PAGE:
FABIO - The Construction of the Food and Agriculture Biomass Input-Output Model

Publikation: Working/Discussion PaperWU Working Paper

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Primary crops are linked to final consumption by networks of processes and actors that convert and distribute food and non-food goods. Achieving a sustainable metabolism of this bio-economy is an overarching challenge which manifests itself in a number of the UN Sustainable Development Goals. Modelling the physical dimensions of biomass conversion and distribution networks is essential to understanding the characteristics, drivers and dynamics of our societies' biomass metabolism. In this paper, we present the Food and Agriculture Biomass Input-Output model (FABIO), a set of multi-regional supply, use and input-output tables in physical units, that document the complex flows of agricultural and food products in the global economy. The model assembles FAOSTAT statistics reporting crop production, trade, and utilisation in physical units, supplemented by data on technical and metabolic conversion efficiencies, into a consistent, balanced, input-output framework. FABIO covers 191 countries and 130 agriculture, food and forestry products from 1986 to 2013. The physical supply-use tables offered by FABIO provide a comprehensive, transparent and flexible structure for organising data representing flows of materials within metabolic networks.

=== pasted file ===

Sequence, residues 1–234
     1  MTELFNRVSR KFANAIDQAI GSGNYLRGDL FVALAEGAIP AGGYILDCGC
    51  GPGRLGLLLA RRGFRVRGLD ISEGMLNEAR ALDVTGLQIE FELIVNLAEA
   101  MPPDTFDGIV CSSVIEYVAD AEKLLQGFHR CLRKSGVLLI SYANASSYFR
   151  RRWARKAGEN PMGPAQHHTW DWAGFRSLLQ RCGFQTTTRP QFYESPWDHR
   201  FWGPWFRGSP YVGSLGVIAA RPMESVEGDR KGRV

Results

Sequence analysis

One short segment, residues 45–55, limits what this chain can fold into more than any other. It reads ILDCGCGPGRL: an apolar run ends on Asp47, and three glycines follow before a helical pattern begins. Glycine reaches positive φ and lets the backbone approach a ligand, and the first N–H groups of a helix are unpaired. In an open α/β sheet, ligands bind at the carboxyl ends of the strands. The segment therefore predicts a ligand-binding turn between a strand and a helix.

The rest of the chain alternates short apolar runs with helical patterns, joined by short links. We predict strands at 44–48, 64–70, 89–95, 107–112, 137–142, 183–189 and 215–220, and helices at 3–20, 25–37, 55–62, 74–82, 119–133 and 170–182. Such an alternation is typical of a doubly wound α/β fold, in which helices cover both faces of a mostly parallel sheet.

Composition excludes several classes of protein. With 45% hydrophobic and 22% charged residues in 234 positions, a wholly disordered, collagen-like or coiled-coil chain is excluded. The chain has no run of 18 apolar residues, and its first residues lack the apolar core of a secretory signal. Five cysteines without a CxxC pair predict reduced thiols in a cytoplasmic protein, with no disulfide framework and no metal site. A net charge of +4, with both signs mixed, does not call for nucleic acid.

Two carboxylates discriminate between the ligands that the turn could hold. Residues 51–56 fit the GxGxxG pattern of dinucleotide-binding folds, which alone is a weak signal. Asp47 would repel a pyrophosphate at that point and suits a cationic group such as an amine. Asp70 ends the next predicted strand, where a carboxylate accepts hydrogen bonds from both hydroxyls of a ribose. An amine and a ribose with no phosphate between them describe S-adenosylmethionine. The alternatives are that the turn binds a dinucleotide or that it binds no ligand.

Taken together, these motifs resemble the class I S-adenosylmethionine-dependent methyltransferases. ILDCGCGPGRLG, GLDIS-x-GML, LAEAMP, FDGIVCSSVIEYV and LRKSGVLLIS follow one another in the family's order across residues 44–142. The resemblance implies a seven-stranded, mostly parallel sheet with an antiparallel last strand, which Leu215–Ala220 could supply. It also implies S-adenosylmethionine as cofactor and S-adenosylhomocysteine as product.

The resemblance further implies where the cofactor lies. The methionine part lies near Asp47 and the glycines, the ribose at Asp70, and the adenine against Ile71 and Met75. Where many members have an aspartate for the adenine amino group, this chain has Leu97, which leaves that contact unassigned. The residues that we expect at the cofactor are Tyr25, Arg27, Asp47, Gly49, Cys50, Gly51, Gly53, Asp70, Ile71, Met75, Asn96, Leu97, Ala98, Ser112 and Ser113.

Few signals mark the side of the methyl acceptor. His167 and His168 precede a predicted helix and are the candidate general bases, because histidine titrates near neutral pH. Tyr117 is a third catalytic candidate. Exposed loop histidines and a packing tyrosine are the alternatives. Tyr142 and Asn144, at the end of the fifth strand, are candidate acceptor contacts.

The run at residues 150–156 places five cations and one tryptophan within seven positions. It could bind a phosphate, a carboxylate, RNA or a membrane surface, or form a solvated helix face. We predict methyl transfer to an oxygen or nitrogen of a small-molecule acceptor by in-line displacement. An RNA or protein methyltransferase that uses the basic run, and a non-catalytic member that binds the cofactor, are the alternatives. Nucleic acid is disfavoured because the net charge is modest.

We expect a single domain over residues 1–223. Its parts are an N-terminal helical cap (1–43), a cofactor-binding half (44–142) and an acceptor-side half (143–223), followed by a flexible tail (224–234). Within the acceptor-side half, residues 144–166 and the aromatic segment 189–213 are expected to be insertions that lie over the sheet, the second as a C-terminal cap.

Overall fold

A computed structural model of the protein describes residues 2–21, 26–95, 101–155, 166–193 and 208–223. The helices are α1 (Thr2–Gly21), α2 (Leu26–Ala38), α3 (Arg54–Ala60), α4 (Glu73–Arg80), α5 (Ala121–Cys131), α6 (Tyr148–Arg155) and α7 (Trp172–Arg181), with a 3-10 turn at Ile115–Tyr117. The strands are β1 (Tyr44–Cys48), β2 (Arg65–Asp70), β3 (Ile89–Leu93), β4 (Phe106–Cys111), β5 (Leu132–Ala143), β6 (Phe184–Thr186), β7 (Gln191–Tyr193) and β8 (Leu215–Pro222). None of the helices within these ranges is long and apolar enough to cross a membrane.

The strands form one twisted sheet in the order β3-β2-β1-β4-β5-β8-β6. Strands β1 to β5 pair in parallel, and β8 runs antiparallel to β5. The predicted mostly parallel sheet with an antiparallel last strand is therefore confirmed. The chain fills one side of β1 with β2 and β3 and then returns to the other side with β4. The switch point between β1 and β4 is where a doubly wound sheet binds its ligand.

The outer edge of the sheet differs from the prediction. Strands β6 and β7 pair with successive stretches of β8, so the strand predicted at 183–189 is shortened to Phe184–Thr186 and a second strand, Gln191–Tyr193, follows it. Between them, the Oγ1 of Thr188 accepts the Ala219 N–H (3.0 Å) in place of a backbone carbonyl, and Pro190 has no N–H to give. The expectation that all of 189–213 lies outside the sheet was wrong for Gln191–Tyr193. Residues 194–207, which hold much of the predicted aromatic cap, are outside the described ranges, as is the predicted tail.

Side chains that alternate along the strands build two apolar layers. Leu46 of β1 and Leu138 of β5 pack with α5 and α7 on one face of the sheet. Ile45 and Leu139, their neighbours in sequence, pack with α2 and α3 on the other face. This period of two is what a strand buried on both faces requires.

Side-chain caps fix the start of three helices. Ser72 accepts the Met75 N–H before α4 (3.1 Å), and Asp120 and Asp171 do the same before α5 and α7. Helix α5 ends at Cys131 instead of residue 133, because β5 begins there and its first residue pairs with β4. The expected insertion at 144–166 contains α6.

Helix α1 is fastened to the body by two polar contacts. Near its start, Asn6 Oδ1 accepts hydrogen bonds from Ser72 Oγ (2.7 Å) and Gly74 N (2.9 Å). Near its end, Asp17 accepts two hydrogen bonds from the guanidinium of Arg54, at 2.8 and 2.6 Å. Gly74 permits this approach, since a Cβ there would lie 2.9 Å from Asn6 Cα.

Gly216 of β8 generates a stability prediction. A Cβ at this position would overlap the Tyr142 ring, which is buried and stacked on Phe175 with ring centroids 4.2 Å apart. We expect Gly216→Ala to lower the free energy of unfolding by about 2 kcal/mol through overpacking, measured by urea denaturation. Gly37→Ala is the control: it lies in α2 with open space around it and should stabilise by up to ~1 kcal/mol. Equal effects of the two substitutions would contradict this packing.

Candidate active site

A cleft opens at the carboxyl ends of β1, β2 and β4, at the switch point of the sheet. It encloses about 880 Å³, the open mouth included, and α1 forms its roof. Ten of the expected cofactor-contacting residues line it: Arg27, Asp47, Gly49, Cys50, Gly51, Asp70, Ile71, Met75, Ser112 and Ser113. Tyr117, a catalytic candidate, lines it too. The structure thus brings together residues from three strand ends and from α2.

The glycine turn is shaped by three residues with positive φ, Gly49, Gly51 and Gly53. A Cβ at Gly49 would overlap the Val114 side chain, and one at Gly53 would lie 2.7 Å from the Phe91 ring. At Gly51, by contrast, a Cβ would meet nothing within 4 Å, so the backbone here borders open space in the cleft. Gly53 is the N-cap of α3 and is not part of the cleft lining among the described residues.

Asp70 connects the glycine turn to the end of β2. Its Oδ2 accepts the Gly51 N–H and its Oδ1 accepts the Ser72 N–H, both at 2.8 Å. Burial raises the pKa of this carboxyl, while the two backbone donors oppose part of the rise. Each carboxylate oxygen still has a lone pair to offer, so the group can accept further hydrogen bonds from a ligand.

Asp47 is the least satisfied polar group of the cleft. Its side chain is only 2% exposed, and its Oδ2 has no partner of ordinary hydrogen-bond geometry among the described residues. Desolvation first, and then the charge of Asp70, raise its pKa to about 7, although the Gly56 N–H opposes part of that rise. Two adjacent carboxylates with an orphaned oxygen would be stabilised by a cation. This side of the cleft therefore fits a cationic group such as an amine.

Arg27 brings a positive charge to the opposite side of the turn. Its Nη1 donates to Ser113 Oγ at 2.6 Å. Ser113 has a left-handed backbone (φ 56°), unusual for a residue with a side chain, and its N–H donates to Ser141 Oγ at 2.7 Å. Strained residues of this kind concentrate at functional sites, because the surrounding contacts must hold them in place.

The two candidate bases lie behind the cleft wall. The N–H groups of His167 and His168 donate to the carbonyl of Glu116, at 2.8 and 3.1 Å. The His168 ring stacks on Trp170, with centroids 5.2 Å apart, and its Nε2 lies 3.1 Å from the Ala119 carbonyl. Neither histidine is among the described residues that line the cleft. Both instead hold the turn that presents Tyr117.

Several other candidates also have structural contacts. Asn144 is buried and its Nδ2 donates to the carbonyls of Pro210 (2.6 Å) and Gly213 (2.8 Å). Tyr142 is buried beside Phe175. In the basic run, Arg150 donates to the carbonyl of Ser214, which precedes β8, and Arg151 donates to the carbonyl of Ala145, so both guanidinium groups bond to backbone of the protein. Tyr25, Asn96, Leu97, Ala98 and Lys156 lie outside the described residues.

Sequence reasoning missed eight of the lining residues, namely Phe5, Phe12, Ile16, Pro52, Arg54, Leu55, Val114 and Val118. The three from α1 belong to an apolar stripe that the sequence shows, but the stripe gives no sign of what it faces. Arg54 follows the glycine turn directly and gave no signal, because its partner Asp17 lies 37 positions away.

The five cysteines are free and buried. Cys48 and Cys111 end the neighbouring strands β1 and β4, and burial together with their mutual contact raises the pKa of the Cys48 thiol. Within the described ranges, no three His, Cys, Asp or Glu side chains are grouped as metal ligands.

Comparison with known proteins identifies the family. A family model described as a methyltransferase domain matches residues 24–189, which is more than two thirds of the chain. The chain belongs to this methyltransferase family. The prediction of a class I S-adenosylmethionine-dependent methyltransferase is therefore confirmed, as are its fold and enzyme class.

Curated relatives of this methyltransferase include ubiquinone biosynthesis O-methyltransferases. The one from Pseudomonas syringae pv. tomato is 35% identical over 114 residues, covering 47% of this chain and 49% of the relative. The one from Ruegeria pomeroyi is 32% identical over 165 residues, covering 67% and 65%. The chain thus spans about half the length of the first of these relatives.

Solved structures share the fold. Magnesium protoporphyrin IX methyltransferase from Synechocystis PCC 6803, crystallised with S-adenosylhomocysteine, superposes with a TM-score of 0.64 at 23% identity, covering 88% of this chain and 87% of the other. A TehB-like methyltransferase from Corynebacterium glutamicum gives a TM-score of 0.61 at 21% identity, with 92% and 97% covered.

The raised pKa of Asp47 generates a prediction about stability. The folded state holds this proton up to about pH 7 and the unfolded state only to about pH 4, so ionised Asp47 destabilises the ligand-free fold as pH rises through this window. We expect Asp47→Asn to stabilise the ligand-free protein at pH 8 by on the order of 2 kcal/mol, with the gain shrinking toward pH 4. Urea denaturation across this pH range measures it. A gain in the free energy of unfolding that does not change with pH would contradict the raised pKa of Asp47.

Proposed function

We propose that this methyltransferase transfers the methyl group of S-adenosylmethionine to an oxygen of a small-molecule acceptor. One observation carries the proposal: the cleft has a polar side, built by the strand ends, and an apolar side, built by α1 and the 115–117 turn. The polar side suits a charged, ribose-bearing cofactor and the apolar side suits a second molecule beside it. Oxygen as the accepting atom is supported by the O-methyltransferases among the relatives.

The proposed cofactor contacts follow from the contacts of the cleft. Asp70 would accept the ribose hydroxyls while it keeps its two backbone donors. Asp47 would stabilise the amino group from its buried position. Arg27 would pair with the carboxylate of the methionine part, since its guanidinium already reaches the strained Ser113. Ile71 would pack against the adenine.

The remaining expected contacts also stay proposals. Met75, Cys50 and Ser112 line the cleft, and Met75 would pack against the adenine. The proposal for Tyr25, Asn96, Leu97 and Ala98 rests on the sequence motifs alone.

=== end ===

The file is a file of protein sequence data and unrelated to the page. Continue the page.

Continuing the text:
They allow tracing biomass flows and embodied environmental pressures along global supply chains at an unprecedented level of product and country detail and can help to answer a range of questions regarding environment, agriculture, and trade.
PublikationsstatusVeröffentlicht - 2019


ReiheEcological Economic Papers

Österreichische Systematik der Wissenschaftszweige (ÖFOS)

  • 107004 Humanökologie
  • 201128 Nachhaltiges Bauen
  • 401905 Nachwachsende Rohstoffe
  • 405
  • 405004 Nachhaltige Landwirtschaft
  • 502042 Umweltökonomie
  • 502022 Nachhaltiges Wirtschaften
  • 105904 Umweltforschung

WU Working Paper Reihe

  • Ecological Economic Papers